(EDITOR'S NOTE: Screenwriter-director David Mamet wrote that in Israel, they have a saying -- "There's no business like Shoah business." Shoah is translated as "Holocaust.")
In the wake of the recent disclosure by the author of a Holocaust memoir that her best-selling book is a fake, historians are worried that such incidents will cast doubt on legitimate Holocaust scholarship and memoirs.
Holocaust deniers already are having a field day with the story, observers say.
A prominent article about the hoax is featured on the Web site of Holocaust denier David Duke, who asserts that the case casts doubt on all "outlandish Holocaust tales."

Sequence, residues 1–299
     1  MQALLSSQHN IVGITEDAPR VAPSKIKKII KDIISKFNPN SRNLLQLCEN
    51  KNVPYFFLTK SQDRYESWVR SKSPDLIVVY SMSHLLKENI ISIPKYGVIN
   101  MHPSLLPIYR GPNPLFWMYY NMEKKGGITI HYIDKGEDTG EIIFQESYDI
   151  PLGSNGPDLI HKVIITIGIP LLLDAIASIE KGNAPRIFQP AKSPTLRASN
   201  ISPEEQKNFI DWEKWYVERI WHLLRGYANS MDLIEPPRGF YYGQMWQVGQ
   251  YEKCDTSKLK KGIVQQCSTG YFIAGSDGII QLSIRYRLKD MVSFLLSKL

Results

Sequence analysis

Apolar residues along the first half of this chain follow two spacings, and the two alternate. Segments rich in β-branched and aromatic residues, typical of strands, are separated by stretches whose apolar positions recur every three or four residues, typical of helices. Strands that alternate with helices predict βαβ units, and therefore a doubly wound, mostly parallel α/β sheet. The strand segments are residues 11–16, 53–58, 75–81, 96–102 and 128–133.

Deborah Dwork, a Holocaust scholar who says she warned the publisher of the book, "Misha: A Memoir of the Holocaust Years," a decade ago that the book's veracity was suspect, is most concerned about how young minds will be affected by such fakery.
The effect on young people, "who are not grounded in history and who may only vaguely remember talk that a memoir was not true," she said, "opens the door to greater readiness to acceptance of Holocaust denier arguments.